Each individual track may deserve an analysis equal to its bloated length, but in the interest of non-bloviation I'll limit myself to selected highlights (with my trusty yellow highlighter). "A More Perfect Union," militaristically calls the album to arms (shades of the Skids!) with a rouse-the-troops guitar solo that's as viscerally thrilling as the opening riff of "Bastards of Young" (the Replacements, youngsters). "No Future Part III: No Escape," starts off as an almost parody of stereotypically wimpy indie rock, until the drummer kicks it into second gear. Likewise, Strickles initially softly sings, "You will always be a loser," in the whimpering voice of a deservedly pathetic whiner, but by the end of the song has turned that same refrain into a defiant, inclusive, almost celebratory anthem. "Theme From 'Cheers'," is close to what you'd expect - a lament/celebration of the committed, lifelong drinking man's lot, sung with resigned bitterness and drunken gusto. And damn does it make me thirsty. Which is the highest compliment you can pay to a drinking song. We await until the end for the album's tour de force, the 14 minute, "The Battle of Hampton Roads," which only in the most superficial sense deals with the first battle of ironclads in naval history. By the end of the first verse Stickles has dispatched the Monitor and the Merrimack, and is ready to address more contemporary social grievances, both solipsistic and of wider societal import - "Is there a girl at this college who hasn't been raped? / Is there a boy in this town that's not exploding with hate?" - ranting full on for 7 1/2 minutes until he collapses melodically into the "please don't ever leave," coda, after which at approximately 9:15 in we're treated to the inevitable bagpipe solo, and the bagpipes & Celtic-spiked electric guitar carry us on out.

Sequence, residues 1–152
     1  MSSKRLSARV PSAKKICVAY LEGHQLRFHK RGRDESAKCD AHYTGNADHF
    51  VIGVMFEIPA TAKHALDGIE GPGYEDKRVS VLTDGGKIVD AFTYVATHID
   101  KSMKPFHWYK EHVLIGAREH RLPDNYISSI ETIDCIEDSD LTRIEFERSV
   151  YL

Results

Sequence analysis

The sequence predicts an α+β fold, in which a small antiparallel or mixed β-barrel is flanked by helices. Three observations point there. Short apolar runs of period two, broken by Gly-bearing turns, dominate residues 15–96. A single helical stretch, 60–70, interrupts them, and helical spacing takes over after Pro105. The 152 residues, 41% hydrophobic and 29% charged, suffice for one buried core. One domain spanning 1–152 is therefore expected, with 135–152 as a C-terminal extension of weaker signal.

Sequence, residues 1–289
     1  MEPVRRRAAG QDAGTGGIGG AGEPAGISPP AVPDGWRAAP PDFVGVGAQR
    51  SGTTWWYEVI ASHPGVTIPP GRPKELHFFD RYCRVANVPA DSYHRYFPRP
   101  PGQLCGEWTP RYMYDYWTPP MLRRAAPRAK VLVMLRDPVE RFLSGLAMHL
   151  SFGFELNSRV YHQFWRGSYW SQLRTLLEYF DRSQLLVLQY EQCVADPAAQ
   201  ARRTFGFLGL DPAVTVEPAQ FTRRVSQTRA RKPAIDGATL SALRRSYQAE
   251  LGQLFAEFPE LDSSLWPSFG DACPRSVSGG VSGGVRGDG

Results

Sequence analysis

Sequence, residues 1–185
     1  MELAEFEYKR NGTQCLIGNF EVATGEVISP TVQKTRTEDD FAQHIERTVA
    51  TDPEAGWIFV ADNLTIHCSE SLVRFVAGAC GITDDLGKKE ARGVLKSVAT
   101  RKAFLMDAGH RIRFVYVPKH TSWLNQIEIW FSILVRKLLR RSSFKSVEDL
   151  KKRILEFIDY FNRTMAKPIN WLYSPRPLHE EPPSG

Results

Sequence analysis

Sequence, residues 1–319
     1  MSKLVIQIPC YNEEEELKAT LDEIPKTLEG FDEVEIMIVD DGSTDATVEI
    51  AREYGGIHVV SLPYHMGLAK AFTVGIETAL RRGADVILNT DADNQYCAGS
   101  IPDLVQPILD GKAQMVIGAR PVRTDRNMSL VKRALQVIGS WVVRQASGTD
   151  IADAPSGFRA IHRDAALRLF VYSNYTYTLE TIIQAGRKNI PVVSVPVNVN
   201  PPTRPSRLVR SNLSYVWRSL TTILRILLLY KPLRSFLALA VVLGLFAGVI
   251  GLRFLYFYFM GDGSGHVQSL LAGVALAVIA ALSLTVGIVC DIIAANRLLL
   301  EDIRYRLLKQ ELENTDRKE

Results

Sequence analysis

And so we conclude the first genuine rock masterpiece of the second decade of the 21st century (not that I'm all that hip with what kids dig today). That Titus Andronicus currently boast one of the most rabid fan followings in the country is understandable, even before you consider their live rep (catch'em while they're still young and before they've fossilized into 'legendary'). I wouldn't agree with some of the more rabid youngsters who claim that this is their favorite album of all-time (trawl RYM), given that I've heard 300 greater albums than this - but I've got some extensive knowledge of rock history. Kids for whom all of this is fresh - I'm not going to disagree with them. Which is an admission I would never begrudge any other hard rock band I've heard in the past decade - not the White Stripes, not the Black Keys, not even QOTSA. Titus are playing rock'n'roll with heart-on-sleeve emotion, passionate sincerity, and not a trace of irony - which you can't say about any of those other bands, and is an exceedingly rare commodity among Millenials. They aren't playing with a knowing wink in their eye, and they ain't twee & precious, neither. And that makes all the difference.
The first single was a 3 1/2 minute edit of a 7 minute song: